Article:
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Why Even Bother with Sex?

Surprising discovery reveals that Gargoyle Geckos can choose between sexual and asexual reproduction

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The scientific method is often a laborious and arduous process where projects can take years of blood, sweat, and tears to complete. So, for scientists it is always a cause for celebration when an experiment produces an unexpected scientific discovery. 

This is precisely what happened with the surprising discovery of parthenogenesis in the Gargoyle Gecko (Rhacodactylus auriculatus), a rare form of asexual reproduction that allows females to reproduce without males. This accidental finding was made by AU student Ingrid Schoonover (BS) in 2021 while working on her independent Biology Capstone research project, “the hacodactylus research initiative.” The project aimed to characterize life history tradeoffs in the Gargoyle Gecko between maternal investment in reproduction and the successful development of offspring. The research happened at AU’s new Hall of Science, but the actual lizard breeding occurred at an off-campus location rented as a gecko breeding facility.  

Asexual and sexual offspring in GeckosGargoyle geckos are giant colorful lizards from the Pacific Island of New Caledonia, a lesser-known hotspot for biodiversity that features the greatest density of reptile diversity in the world and looks like a scene out of Jurassic Park. These geckos are keystone species that eat everything in their path including fruit, insects, and even other lizards. This incredibly varied diet means that they have a critical role in the health of their ecosystems by keeping prey populations in check and dispersing seeds throughout the forest. Like the many other species impacted by human activity, the gargoyle gecko is threatened with extinction due to mining in its habitat, which contains half of the world’s nickel. (The demand for renewable energy has skyrocketed due to the impacts of climate change, which has also ironically increased the need for nickel, a key element in car batteries.) The urgency of the threats in New Caledonia, in conjunction with encouragement from students and faculty at American University’s Department of Biology, is what prompted Schoonover to engage in research that could aid in gargoyle gecko conservation.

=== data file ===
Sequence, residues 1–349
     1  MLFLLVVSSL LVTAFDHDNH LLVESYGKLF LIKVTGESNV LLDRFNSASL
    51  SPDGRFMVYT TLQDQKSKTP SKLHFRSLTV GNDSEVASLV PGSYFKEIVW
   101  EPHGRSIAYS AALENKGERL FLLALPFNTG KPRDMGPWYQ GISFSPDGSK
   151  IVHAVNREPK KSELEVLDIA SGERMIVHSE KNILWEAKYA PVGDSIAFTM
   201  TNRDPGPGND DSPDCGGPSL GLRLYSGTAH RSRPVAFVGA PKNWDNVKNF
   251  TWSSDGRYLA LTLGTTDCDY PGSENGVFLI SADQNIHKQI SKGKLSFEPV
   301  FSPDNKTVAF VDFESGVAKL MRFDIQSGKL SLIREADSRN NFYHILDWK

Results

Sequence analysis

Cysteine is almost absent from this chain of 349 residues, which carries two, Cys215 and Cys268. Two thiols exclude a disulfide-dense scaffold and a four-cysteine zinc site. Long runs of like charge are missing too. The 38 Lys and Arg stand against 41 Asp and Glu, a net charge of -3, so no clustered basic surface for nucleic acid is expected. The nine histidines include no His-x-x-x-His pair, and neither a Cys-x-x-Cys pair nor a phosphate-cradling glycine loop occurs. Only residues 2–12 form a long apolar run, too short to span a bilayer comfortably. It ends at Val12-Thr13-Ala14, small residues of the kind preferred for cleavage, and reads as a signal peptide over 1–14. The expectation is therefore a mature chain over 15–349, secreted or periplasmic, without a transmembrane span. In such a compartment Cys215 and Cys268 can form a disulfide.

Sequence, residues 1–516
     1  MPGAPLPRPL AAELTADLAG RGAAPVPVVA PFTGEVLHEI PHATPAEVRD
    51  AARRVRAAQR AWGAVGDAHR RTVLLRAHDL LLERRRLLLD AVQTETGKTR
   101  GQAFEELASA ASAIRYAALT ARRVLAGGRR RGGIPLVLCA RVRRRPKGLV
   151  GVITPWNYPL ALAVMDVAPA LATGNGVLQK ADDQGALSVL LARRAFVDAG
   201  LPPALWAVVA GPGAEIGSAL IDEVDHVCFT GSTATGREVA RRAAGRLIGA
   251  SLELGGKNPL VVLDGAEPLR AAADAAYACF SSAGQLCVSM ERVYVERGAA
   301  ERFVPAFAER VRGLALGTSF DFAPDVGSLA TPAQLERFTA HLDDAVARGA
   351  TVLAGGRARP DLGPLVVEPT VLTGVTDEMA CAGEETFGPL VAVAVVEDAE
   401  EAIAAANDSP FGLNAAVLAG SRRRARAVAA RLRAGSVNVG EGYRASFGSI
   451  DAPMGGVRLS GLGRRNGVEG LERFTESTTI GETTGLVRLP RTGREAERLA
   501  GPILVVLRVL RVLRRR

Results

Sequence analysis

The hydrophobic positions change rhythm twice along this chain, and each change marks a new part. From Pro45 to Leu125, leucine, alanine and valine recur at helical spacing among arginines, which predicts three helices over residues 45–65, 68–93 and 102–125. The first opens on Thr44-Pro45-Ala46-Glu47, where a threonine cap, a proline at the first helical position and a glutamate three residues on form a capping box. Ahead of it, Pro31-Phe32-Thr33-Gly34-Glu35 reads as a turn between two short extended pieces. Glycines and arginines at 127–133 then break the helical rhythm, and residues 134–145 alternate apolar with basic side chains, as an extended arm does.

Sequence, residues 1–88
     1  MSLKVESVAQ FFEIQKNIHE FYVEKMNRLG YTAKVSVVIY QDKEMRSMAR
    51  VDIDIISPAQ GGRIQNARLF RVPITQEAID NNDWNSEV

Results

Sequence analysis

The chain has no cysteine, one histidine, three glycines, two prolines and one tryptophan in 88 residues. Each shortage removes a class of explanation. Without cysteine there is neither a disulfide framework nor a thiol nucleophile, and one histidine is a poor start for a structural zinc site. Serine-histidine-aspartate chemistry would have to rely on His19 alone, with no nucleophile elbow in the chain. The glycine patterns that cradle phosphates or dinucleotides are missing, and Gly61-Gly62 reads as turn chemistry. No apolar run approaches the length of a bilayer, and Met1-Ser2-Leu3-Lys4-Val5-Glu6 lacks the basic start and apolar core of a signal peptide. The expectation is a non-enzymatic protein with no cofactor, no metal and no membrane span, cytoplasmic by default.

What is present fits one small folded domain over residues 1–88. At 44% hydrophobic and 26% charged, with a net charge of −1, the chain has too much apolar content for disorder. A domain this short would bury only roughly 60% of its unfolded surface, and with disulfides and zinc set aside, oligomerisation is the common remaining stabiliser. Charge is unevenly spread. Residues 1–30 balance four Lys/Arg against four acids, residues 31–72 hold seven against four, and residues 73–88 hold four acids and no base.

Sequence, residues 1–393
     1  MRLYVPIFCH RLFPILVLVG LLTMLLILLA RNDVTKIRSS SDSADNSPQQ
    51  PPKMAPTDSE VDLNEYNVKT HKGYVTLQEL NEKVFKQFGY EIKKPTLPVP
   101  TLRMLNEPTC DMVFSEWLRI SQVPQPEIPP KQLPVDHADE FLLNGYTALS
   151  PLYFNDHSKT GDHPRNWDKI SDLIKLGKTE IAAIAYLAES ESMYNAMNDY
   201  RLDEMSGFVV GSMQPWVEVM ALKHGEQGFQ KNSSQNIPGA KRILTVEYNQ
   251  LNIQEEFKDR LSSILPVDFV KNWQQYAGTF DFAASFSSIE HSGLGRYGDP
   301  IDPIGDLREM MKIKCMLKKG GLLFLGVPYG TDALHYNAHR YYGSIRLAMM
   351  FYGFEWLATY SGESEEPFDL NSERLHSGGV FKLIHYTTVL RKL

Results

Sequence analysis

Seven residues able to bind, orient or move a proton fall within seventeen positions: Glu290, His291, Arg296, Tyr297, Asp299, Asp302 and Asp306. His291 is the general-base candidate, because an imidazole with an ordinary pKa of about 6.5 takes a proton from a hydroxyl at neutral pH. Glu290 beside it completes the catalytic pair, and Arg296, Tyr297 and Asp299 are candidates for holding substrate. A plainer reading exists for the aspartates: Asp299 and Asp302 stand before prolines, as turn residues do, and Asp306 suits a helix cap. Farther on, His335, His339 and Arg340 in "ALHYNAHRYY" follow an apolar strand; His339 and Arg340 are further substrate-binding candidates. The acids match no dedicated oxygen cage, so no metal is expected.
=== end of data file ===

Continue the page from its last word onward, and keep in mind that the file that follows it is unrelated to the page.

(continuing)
When this project started, it was assumed that gargoyle geckos produced offspring via sexual reproduction, with the embryo developing from an egg fertilized by sperm. So, it was shocking when a virgin female gecko laid a fertile egg that ended up hatching three months later, all without ever encountering another gecko! This means that gargoyle geckos can reproduce through either sexual reproduction or asexual reproduction, an ability termed facultative parthenogenesis.  

Many questions quickly emerged from the parthenogenetic gecko: How and why did this happen? How does the mode of reproduction affect their growth and development? What is the evolutionary significance of this behavior? To gain some further insight we spoke to Dr. Schaeff, an expert in animal mating strategies from the AU Department of Biology. She holds a PhD in Conservation Biology and Population Genetics, with research experience in animal behavior, conservation biology, and molecular ecology. Dr. Schaeff explained that in other parthenogenetic lizards such as Cnemidophorus, a genus of whiptail lizards, and in Lepidodactylus lugubris the mourning gecko, “the females need to simulate courtship and copulation with each other in order to lay eggs.” But the gargoyle gecko that laid the parthenogenetic egg was raised from a hatchling and kept alone for its entire life, which was shocking to Dr. Schaeff, who said, “It is really interesting and unusual for a species to reproduce asexually without the female-female mating behavior.”